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World’s largest salmon face extinction

October 22, 2012

A new report reveals that all 5 species of the world’s largest salmon group, the taimen, are threatened with extinction due to over-fishing and habitat loss.

Sakhalin taimen. This particular species of taimen featured in the IUCN list of the 100 most threatened species.

Tasty, healthy and fun to catch, salmon are one of the best known fish in the world. But a new report about the status of the largest type of salmon in the world, the giant freshwater taimen, shows that they are threatened with extinction. The report, which was prepared by a team of international scientists, was released last week by the IUCN and highlights significant challenges in the efforts to conserve these amazing fish.

The taimen are pretty remarkable creatures. They can live up to 30 years of age and have been known to grow to over 2 metres in length, making it one of the biggest of any freshwater fish in the world. But not only are these unique salmon huge, they’re also very ancient. It is commonly thought that the taimen are the evolutionary grandparents of the modern-day salmon and trout with which we are most familiar.

What is probably the most fascinating fact about these enormous salmon is their diet, or perhaps more appropriately, their prey. The taimen are also commonly known as the ‘river wolf’ because of their giant size, ferocious appetite and the surprisingly diverse array of prey that they feed on. Waterfowl, bats, adult salmon and other fish, and even unsuspecting small mammals that are unfortunate enough to wander into a taimen infested river! In many river ecosystems that they inhabit the taimen act as the top predator and as such play a crucial role in the functioning of these ecosystems.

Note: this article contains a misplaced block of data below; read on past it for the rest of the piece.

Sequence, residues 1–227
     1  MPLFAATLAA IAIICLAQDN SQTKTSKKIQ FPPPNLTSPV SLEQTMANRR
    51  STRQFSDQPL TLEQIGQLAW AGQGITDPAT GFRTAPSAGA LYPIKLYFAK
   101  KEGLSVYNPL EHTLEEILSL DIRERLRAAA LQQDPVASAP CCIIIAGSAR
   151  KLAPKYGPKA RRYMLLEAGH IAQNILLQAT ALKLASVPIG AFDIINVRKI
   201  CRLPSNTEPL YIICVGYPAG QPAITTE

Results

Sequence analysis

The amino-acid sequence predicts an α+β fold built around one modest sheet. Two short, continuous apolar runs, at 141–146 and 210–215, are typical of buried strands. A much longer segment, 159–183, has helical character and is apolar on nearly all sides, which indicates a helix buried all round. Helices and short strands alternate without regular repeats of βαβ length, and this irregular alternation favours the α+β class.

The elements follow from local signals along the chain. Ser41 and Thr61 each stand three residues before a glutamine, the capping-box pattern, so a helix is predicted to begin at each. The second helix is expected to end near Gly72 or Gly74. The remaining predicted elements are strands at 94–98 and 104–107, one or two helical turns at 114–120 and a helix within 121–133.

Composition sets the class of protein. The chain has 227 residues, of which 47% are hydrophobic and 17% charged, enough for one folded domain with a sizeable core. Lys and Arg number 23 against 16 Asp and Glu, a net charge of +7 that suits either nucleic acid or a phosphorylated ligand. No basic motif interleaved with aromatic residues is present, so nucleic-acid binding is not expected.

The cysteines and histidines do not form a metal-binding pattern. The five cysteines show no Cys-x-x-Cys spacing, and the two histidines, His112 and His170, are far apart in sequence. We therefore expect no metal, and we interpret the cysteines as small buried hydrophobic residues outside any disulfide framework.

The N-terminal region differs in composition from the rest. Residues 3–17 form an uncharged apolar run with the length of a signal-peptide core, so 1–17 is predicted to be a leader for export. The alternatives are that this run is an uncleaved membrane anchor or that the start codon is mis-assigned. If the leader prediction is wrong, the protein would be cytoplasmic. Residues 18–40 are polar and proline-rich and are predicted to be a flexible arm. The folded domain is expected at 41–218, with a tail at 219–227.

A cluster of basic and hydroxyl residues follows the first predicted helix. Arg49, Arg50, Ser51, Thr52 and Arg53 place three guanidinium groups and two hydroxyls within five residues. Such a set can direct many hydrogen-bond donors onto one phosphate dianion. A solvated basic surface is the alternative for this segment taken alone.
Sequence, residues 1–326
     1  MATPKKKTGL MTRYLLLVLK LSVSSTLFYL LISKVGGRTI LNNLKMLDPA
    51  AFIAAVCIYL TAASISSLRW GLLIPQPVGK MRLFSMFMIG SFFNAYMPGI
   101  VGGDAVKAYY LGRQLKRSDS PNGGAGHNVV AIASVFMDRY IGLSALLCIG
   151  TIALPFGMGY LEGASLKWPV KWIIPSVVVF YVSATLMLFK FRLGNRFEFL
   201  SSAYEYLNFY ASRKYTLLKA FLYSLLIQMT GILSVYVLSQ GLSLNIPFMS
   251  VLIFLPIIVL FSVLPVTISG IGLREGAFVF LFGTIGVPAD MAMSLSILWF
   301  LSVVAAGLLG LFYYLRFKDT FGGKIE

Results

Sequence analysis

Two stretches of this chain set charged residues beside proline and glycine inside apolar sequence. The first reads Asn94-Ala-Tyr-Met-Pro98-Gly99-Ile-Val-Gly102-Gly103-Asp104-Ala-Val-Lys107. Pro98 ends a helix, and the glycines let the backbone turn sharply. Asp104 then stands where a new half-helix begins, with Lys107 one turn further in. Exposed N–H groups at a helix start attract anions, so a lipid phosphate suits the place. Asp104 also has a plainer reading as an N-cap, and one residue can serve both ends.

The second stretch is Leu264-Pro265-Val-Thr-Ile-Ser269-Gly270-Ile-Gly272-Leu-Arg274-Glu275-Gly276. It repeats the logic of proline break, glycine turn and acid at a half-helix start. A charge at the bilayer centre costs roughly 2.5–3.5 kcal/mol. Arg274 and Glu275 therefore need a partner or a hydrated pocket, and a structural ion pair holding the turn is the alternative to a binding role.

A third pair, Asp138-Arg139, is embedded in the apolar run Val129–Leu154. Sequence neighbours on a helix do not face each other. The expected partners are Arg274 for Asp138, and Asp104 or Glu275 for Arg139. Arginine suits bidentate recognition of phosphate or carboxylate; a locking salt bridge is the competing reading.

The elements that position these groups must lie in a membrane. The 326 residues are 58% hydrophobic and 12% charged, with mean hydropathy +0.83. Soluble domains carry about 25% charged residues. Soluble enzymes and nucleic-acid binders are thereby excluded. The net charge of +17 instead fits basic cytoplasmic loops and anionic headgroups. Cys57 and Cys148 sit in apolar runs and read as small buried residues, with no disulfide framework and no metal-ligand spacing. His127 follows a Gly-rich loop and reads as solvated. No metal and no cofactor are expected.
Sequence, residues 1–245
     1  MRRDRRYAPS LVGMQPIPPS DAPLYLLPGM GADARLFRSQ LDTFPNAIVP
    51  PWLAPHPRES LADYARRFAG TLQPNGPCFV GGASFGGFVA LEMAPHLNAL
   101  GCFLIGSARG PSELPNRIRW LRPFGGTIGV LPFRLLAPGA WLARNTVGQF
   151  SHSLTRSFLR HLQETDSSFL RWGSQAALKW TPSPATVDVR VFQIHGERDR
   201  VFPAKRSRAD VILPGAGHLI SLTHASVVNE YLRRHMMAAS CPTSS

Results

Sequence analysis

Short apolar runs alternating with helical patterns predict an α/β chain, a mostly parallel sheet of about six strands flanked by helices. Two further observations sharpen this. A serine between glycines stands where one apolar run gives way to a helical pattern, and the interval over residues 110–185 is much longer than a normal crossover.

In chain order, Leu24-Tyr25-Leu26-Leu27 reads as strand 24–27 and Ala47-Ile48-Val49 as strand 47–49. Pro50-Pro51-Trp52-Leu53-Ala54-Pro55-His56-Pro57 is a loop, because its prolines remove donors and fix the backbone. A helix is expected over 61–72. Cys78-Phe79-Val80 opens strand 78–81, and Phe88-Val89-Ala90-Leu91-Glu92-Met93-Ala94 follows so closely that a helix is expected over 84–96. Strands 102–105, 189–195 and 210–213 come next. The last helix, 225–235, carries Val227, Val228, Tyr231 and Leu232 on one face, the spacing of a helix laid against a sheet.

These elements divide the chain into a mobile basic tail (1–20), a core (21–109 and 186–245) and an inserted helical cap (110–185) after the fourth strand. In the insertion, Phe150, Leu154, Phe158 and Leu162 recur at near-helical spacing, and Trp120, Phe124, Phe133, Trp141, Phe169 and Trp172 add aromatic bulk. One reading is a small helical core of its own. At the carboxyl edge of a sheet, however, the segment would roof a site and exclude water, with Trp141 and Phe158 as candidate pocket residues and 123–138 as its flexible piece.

There are 5 species of taimen and their range is largely to restricted river systems in the far-east and Siberia and one species found in the Danube in Europe. One species, the Sakhalin taimen, was also featured in the list of the world’s 100 most threatened species released last month, which was discussed here. Of these species all are either threatened with extinction, or because of their limited habitat range there is insufficient data to know for sure. The Sichuan taimen, for example, is restricted to just a single river system in China in the same region as the giant panda clings on to existence. The Korean taimen is also only found in one river system and very little is known about the status of this species.

Because these salmon are so unique and rare, and because of their huge size, they are highly prized catches for sport fishing. Unfortunately, over-harvesting and over-fishing is one of the biggest threats to the survival of this fish.  The other big pressure of these species is habitat destruction, whether due to logging, erosion, or damming.

Sakhalin taimen in Hokkaido, Japan. Photo: Wild Salmon Centre

The report recommends establishing freshwater protected areas in which restrictions on habitat destruction and (over-)fishing would be put in place. Freshwater protected areas are still a fairly novel idea in conservation, but could perhaps build on the recent success of marine protected areas (MPAs). The development of freshwater protected areas is recognised as one of the best ways to protect species that live in freshwater ecosystems such as free-flowing river systems and would not only be of benefit to just fish such as the taimen, but a range of other threatened freshwater species as well.

Pete Rand, chair of the IUCN Salmon Specialist Group, said the report was “sobering” and that it “underscores the need to take immediate action, at a broad, international level, if these fish are to survive into the future.” If we are to be successful at protecting these species then “we need to continue to push for establishing protected areas throughout their range”, said Rutgers University Professor Olaf Jansen, a member of the international assessment team.

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